I like the Latin definition, “to trust”.  We are to trust that God, who is in control, is indeed in control.
“To bide one’s time” is to “wait for”.  This phrase sounds like we are passively waiting on God, but this is not how Christians respond.
We do not stand passively by, although I suppose many churches and us Christians do.
Let’s pray like CRAZY!  Let’s be like that persistent widow, who would not give the judge a moment’s peace.  I believe our prayers will move heaven and earth.
And, even if we do not physically see any results by our prayers, we can have faith that God has heard us, that things have shifted in the spiritual realm.
And, when we wake up each morning, believing that Jesus is one day closer to returning!

Happy 50th Anniversary, Maple Leaf


Yesterday, I thought of something funny after posting the blog.  Valentine’s Day for me sometimes feels more like the Valentine’s Day Massacre.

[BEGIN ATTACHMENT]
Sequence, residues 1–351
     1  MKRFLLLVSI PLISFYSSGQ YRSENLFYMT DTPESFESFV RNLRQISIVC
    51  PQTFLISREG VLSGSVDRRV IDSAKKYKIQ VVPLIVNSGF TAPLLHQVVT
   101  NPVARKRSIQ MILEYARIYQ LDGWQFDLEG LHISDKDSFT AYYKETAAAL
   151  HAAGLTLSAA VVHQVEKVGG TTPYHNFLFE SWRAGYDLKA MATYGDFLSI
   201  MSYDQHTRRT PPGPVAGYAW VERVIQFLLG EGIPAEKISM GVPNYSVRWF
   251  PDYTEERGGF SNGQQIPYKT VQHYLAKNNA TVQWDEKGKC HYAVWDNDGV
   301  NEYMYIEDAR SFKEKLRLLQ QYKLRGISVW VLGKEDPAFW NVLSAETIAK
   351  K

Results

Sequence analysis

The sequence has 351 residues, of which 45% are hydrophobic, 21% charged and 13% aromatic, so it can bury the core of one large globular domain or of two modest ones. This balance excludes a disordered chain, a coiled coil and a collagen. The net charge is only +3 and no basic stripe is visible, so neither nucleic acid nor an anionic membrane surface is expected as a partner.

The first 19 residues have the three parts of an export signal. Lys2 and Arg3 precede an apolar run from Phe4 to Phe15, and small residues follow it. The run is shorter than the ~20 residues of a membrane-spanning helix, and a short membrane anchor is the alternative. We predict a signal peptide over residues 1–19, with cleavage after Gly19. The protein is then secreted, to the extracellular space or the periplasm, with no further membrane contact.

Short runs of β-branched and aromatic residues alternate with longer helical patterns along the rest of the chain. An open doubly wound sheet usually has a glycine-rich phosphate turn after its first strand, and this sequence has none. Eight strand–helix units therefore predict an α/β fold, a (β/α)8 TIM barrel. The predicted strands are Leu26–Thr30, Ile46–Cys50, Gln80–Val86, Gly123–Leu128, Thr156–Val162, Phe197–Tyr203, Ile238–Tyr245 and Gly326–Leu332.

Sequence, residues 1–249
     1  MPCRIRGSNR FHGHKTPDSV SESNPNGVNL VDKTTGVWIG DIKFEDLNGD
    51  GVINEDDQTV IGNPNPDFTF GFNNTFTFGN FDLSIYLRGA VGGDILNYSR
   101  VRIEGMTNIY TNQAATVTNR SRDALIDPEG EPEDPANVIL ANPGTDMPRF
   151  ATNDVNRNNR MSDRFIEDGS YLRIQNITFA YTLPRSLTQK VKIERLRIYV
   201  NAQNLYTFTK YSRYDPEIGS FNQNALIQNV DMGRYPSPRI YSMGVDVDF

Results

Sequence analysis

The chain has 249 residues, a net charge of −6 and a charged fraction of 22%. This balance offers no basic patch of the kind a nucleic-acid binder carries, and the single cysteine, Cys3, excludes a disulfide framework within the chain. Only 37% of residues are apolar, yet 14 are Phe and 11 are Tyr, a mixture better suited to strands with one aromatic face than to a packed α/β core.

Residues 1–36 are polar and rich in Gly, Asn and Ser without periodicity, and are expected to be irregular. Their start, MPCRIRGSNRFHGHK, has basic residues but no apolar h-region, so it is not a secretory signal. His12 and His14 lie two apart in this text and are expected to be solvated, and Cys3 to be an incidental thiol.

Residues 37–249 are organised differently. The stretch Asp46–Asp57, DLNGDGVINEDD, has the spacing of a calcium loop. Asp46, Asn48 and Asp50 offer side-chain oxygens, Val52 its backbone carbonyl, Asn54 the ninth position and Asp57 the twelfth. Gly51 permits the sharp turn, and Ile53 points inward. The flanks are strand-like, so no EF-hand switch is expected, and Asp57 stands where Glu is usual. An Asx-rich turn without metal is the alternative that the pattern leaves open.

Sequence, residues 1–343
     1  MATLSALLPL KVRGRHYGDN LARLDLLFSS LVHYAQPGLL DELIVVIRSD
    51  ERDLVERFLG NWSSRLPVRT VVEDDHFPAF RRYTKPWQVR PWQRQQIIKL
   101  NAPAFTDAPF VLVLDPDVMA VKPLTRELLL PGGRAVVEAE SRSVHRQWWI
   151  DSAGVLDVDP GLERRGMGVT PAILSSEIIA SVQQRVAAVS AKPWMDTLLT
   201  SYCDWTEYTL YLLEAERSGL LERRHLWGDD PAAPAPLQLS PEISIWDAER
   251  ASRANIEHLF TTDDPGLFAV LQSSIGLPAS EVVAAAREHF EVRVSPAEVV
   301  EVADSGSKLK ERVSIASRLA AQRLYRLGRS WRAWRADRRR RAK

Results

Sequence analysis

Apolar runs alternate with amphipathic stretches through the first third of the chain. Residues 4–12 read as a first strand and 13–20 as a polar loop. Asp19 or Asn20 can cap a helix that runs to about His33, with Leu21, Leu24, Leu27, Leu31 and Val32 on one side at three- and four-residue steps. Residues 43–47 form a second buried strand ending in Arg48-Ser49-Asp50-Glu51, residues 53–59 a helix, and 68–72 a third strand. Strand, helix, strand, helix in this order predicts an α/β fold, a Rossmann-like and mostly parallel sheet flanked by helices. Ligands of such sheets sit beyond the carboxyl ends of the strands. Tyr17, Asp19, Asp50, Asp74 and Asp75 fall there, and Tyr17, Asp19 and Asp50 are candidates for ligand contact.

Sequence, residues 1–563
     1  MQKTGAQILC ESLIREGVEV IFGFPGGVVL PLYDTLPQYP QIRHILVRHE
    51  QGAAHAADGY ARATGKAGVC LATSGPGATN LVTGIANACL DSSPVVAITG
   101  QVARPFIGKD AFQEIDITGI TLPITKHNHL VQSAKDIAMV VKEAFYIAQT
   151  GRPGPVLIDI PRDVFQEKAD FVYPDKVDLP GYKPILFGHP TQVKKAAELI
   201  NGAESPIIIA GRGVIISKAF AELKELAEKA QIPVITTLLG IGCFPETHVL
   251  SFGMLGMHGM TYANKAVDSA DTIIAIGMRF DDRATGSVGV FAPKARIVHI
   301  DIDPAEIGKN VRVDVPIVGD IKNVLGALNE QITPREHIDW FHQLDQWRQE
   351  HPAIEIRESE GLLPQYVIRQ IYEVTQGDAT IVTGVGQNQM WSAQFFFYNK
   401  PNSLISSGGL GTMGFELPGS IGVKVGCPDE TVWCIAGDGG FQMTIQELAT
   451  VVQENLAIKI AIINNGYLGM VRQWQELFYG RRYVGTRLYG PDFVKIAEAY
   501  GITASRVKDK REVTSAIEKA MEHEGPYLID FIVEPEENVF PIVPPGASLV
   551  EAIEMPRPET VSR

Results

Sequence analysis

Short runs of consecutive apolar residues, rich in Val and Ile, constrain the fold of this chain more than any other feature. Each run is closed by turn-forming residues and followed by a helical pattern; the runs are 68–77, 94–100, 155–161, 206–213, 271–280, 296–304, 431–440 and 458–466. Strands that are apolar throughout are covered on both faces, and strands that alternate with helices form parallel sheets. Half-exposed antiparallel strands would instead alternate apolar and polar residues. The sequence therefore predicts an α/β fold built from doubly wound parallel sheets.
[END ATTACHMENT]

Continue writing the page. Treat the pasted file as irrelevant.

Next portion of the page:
Unfortunately, I couldn’t find the clip online from the movie Some Like It Hot.  “Say good-night Charlie…”   Anyway, maybe more funny to me than to you…

On a totally random note, I have just discovered that it is the 50th anniversary of our flag.  Here are some fun facts:

This was our traditional flag:

Old Flag

You’ll never believe me on this one, but the idea of a new flag in Canada sparked much debate and discussion in Parliament.  They dragged their heels on it, ‘cos they couldn’t get their s–t together.

And, then along came Lester B. Pearson, who “declared that Canada would have its own flag within two years” and so we did! ( 

How exciting that a Prime Minister/Politician kept his word.  It kind of makes you feel warm and tingly inside (which is super wonderful since it’s like -40 with the wind chill today!)